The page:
Colorado's Wary Weather
Colorado's seasons come with their own weather hazards to be wary of. Whether the season brings rain, snow, fog, or heat, they can all have massive effects on your car and safety while driving. How do you make sure you drive safely for each of these issues? Mattering on the weather, you can prepare yourself to conquer the conditions before you even begin your drive. However, knowing the conditions and what they bring with them is the ultimate tool to staying safe.
An uncommon thought when it comes to road hazards and safe driving. Heat can be just as dangerous as snow and ice. The extreme heat can cause a toll on your vehicle. According to the Deleware Department of Transportation heat is the most common battery killer, not the cold! Your battery isn't the only part of your car that could be damaged from the heat. Belts and hoses often blister or crack due to the heat.
The heat can also create dangerous road conditions. Due to the expansion of asphalt in the heat the road can crack, chip, or even buckle! A buckled road can turn a flat street into a ramped nightmare.
Often thought of as the most dangerous weather to be driving in, a snowstorm brings multiple hazards into play at once. Obscuring the vision of the driver has often been the cause of crashes. Combined with the loss of traction, snowstorms create an increased risk for multiple car pileups. Most people suggest waiting for the weather out and not driving in weather, however, winter also comes with black ice. One of the most worrisome road hazards often appears when you least expect it. The layer of ice that forms over the asphalt, creating a shine on the road, is often mistaken for water or another liquid. While those hazards are still dangerous, the slickness of black ice has developed a reputation as one of the most dangerous road hazards.
So how do you protect yourself against snow and ice road hazards? As with any hazard that forces a loss of traction, decelerating without braking or "pumping" the brakes if your vehicle doesn't have anti-lock brakes is often recommended. Be cautious and plan ahead, clear ice and snow from your vehicle, use all-weather or snow tires.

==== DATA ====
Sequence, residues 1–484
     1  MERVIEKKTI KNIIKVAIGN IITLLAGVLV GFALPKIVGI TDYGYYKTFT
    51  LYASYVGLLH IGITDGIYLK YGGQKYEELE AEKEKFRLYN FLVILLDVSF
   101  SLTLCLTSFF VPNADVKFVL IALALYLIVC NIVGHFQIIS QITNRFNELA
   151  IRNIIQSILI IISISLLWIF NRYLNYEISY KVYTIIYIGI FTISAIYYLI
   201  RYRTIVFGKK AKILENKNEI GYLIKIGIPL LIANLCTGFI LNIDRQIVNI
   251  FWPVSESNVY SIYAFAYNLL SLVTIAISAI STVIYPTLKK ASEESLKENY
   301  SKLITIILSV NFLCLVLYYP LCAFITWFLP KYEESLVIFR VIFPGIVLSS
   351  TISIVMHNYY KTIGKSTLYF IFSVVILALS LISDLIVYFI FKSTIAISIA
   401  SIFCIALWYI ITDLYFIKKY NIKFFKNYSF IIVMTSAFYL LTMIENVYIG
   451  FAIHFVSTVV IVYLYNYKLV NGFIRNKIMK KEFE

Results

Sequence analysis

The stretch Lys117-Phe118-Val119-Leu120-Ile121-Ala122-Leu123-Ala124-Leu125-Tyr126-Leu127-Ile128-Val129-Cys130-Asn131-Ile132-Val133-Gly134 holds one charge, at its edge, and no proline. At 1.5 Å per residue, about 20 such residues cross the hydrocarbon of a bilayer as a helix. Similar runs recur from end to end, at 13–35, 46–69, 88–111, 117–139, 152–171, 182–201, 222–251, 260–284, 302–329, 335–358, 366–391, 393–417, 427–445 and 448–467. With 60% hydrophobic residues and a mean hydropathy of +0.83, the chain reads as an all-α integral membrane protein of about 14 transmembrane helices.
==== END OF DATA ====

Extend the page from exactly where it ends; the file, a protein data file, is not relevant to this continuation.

Heavy rainfall is a common hazard for drivers, however, it can cause some more significant hazards. Rain can impair your sight while pooling water can cause you to lose traction or hydroplane. Aside from the common hazards created by rainfall, an increasingly common issue arising from rainfall is flooding. Flooding has become more prevalent in areas with vegetation loss due to previous fires. Floods aren't the only hazard that can come with heavy rainfall, lightning strikes are not only dangerous but can create substantial driving hazards due to striking trees or powerlines. It is recommended to stay indoors or in your car when you are stuck in lightning or thunderstorm.
How do you safely navigate or avoid these hazards? First and foremost stay in your car during lightning or thunderstorms unless you can get inside a building. Make sure not to touch any metal in the vehicle. If struck by lightning the car will help ground the electricity and protect you as long as you are not touching metal. If you are driving in a storm stay cautious, slow down, and keep all attention on the road, if you can't see the ground through the water you should not drive through the water. As well as be aware of downed trees, powerlines, or other hazards that could have been struck down.
A hazard that can appear quickly, fog can completely consume your field of view. This coupled with the ability for the fog to appear quickly, makes many transportation experts consider fog to be one of the most dangerous weather hazards for drivers. Limiting the vision of the driver is often one of the most dangerous things that can happen while driving. The overwhelming aspect of fog can be dealt with by slowing your speed. With a decrease in vision, your reaction time to oncoming obstacles is decreased. Aside from this make sure to keep your headlights on but don't turn on your high beams, these can reflect and decrease your visibility.